VILNIUS—The office of Vilnius University’s Professor Olegas Poliakovas, a leading philologist and member of the Senate of Vilnius University (from 2001 to 2014), issued this statement today concerning possible new Yiddish studies positions in Vilnius.
For background to recent developments, please see the earlier report on the World Jewish Congress initiative; the statement issued by Daniel Galay, director of Leyvik House, the center of Yiddish cultural activities in Israel; and a Facebook comment by Dr. Efraim Zuroff, director of the Simon Wiesenthal Center’s Israel office.
In the meantime, the World Jewish Congress has included news of the new institute in its newsletter, without confirming that the academic positions will be advertised in a fair and transparent process to ensure academic quality, moral integrity, and independence from political pressures. As widely reported, the previous professor of Yiddish (1999-2010), Dr. Dovid Katz (DH’s editor), was terminated following eleven years of incident-free service after speaking out for the Holocaust survivor veterans of the Jewish partisans who are accused of war crimes (in the absence of any charges or specific issues).
Text of Statement issued by Professor Olegas Poliakovas:
Vilnius, 22 July 2014
I was delighted to hear of the possibility that a professorship or major teaching position in Yiddish Studies would be restored in Vilnius. Before World War II, Vilnius was one of the greatest centers of Yiddish culture in Europe. It ceased to have that distinction due to the tragic fate of the Jewish population during the war. Thus, this teaching position could play a part in the restoration of historic justice.
During the years 1999-2010, when my academic colleague Dr. Dovid Katz held the post here at Vilnius University as Professor of Yiddish Language, Literature and Culture, the field blossomed under his academic leadership. It seemed there was always a constant stream of academic books and papers as well as those for a wider audience.
Professor Katz organized constantly innovative and interesting seminars, lectures, and meetings with famous scholars and prominent personalities of Yiddish and Jewish culture from all over the world. He proved to be a talented organizer who with his academic productivity, enthusiasm, communication skills and personal charm attracted and involved people from the widest array of backgrounds in his activities to enhance and restore the Yiddish traditions that once thrived in Lithuania.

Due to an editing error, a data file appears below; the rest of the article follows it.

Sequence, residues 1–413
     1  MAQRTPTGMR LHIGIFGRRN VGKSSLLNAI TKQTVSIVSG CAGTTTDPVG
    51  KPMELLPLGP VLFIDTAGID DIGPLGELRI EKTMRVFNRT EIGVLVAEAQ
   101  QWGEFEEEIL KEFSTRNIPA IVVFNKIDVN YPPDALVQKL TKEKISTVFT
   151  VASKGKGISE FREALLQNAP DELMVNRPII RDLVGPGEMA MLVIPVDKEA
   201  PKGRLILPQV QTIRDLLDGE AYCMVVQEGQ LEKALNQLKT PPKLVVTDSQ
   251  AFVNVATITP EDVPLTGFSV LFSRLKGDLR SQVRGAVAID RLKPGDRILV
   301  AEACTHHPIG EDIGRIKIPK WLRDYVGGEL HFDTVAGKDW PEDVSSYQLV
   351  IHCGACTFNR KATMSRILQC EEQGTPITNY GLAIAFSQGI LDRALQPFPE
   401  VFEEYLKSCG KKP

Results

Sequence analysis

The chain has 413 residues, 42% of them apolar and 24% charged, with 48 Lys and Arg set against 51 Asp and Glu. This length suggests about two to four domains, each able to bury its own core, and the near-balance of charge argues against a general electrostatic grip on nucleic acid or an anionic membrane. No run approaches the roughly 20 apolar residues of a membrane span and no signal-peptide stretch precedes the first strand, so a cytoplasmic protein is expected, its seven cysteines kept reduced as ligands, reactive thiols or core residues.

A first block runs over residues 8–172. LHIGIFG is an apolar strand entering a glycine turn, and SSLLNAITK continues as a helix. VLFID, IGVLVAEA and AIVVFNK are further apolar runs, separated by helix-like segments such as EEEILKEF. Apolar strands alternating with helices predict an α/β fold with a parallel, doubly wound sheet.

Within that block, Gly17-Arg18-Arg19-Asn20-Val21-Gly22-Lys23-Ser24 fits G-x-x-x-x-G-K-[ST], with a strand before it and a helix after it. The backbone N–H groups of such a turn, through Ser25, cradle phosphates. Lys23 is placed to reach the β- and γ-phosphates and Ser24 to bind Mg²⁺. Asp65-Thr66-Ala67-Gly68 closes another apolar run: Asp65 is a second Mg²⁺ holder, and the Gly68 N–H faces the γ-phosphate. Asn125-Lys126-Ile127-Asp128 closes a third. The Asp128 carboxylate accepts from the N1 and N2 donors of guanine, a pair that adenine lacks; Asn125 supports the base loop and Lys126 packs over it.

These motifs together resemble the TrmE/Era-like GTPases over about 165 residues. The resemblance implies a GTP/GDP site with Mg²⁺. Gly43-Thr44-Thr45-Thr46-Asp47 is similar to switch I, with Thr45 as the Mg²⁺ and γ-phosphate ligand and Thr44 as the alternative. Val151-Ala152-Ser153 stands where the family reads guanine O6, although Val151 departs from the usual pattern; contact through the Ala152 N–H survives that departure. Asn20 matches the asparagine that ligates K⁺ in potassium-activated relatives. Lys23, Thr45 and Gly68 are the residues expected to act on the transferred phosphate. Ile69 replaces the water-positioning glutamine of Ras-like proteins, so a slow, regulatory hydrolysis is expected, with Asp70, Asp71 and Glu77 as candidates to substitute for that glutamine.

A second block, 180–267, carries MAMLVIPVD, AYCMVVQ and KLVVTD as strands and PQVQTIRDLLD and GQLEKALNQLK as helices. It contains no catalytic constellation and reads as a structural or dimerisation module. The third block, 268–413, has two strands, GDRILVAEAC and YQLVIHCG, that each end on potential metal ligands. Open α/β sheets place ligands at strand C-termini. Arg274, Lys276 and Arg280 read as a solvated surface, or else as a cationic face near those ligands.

In opposition to various forms of anti-Semitism, I declared more than once that the activity of Dr. Dovid Katz stimulated the academic community in Vilnius to be philo-Semitic. His teaching and supervision were always undertaken with academic dignity, tranquility, respect for all and thorough professionalism, far from any other issues of the day outside the academy.
To our regret, all his positive achievements on this field were lost in 2010 with his removal from the position held. Yiddish as a serious subject, in the hands of a top specialist who spared no energy or sacrifice to build success after success, became popular for students and visitors of Jewish, non-Jewish, Lithuanian, Russian, American, Polish, and many other backgrounds.
I fondly recall attending many seminars chaired by Professor Katz and have been following his continued outstanding work in Yiddish Studies to the present day (most recently, his series of advanced literary reading circles held at the premises of the Jewish Community of Lithuania in the spring of 2014).
I am writing to offer my highest recommendation on behalf of Professor Dovid Katz, for any new or renewed Yiddish Studies position in Vilnius. At the very least it is a top priority that he be able to apply in a transparent and fair process to continue the work to which he has dedicated so many decades of his life and outstanding achievement. His appointment to this position could be a step in the direction of restoring the best Yiddish cultural and literary traditions that existed in Vilnius and Lithuania.
My colleagues, professors in Israel also speak respectfully of Professor Katz as a talented author of Yiddish fiction set in prewar Lithuania. It is difficult to find a more suitable candidate for this position. Thank you for your consideration.Olegas Poliakovas Professor at Vilnius University Member of the Senate of Vilnius University, 2001–2014